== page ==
. . . . . . . . Dinosaur Films - March 2017
Spring into my monthly magazine on British cinema.
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Missing Films. . New Profile . . Main Feature . . Famous 5 . . Brief Reviews . . Bray Studios Review . . Merton Park . . New Elstree . . Southall Studios site
Method and Madness
(1950 directed by Norman Hemsby, 4*)

Today is washing day and Mr Pastry tells his wife he can do it in no time, it only needs "organisation." So while she attends a gas showroom lecture on the latest products, the film juxtapposes Mr Pastry's primitive kitchen.
Step 1- light the fire. Coal from the cellar, to where his neighbour accidentally pushes him.
Step 2- Add water. The machine exudes steam in a novel way of heating the tub.
Step 3- Prepare the washing by rubbing soiled items.
4- Add the flakes for lather. Plenty of that- how about adding shampoo, and liver salts?!
5- Agitate. Lots of fun here.
6- Use the mangle. A clothes hangar is pulled through with the washing, neatly reversing the process reshapes the hangar.
7- Drying. A network of clothes lines comes crashing to the ground.
However "a happy ending" sees a new gas washer installed

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Bray Studios

Reviews of films made at these studios.

DICK TURPIN- HIGHWAYMAN
(1956, directed by David Paltenghi, Bray Studios, 5*)

This short with its jolly theme song has all the hallmarks of an early attempt by Hammer at a tv pilot.
Jonathan Redgrove (Allan Cuthbertson) is the sort of pompous toff who deserves to be taught a lesson. It's evident he's only marrying Gertrude for her dowry, so gallant Dick robs her, and at once the engagement is called off.
There's a nice twist to this old chesnut when Dick then obliges Redgrove to marry the girl who turns out to be rather rotund. Not a lot of dashing highway robbery here, but Philip Friend made the ideal hero.
Colour photography and Hammerscope too!
At the end, the barman calls out to Dick "come again sir," but he never did

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Each month- a review of one part of this Children's Film Foundation serial.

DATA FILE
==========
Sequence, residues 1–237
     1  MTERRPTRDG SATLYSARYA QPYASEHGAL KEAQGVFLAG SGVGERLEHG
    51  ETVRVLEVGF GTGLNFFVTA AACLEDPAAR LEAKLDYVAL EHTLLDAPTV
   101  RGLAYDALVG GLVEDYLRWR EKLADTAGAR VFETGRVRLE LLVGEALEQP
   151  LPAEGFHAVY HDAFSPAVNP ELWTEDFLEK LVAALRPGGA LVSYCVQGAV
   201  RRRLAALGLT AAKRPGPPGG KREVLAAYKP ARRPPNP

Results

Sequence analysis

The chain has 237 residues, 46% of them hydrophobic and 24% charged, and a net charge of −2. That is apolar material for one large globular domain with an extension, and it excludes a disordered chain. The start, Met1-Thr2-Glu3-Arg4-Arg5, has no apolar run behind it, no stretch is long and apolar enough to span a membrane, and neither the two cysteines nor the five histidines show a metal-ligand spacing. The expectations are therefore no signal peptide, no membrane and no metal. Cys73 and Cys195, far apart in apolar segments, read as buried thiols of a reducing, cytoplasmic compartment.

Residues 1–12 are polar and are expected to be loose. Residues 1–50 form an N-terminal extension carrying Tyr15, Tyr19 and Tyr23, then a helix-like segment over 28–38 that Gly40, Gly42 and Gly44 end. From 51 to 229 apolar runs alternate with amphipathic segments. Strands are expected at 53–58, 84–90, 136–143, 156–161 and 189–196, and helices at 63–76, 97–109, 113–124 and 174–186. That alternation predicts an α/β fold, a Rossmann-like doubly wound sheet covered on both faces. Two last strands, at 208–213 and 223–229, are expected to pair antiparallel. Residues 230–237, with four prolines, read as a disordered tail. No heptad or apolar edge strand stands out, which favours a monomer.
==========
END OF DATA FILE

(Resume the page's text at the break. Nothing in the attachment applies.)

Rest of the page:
Five on a Treasure Island
was released by the Children's Film Foundation in 1957.
It was, of course, an adaptation of a popular Enid Blyton adventure with the Famous Five,
George (Rel Grainer), Julian (Richard Palmer), Ann (Gillian Harrison), and Dick (John Bailey), not forgetting their dog Timmy. John Charlesworth played their friend Jan, who looks after Timmy.
The director was Gerald Landau. Producer: Frank Wells. Screenplay: Michael Barnes.

Episode 5 Trapped in the Dungeon
Shift it. George pulls the ring, then Dick, even Julian can't get it to budge. Yet Anne can! She gets the rope and ties it to the ring and, to laughter, the trap door is opened. Down the steps to a maze of passages. There's a locked door! "I bet the treasure's inside." But it will need an axe to break the door down. It takes a while for the Five to find their way back and having got the axe, a rope is sensibly used to mark the trail. When that runs out, George marks the route with chalk.
As Julian wields the axe, Dick gets hit by a flying splinter and Anne has to take him back into the fresh air. At last Julian gets the door open and there lie a (very) little pile of ingots, "a fortune."
But Luke and Bill have got to the island and grab the gold, then Timmy, in order to force George to write a note to Dick and Anne to get them into the vault. Timmy carries the message, but as it's signed Georgina, Anne realises something is wrong. There's a chase round the castle when Jim and Luke find their ruse has failed.
Having eluded their pursuers, Anne and Dick dash down to their boat. How can they get away?

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My Reviews of a few British films
WHILE I LIVE (1947, directed by John Harlow, MGM Boreham Wood Studios, 5*)- "Your whole future depends on it," Olwen's that is and her need to complete her haunting musical composition. When she dies tragically young while sleepwalking, her sister Julia (Sonia Dresdel) keeps her memory alive, thereby smothering her cousin Peter and his fiancee Christine. Then a mysterious stranger appears, here is the reincarnattion of Olwen. In fact the girl has lost her memory and is Sally, a journalist writing Olwen's story. You can rely on faithful old fruity retainer old Nehemiah (Tom Walls) to sort her out. The film overplays the haunting tune, making the most of the heartstrings, though in a very sympathetic old fashioned way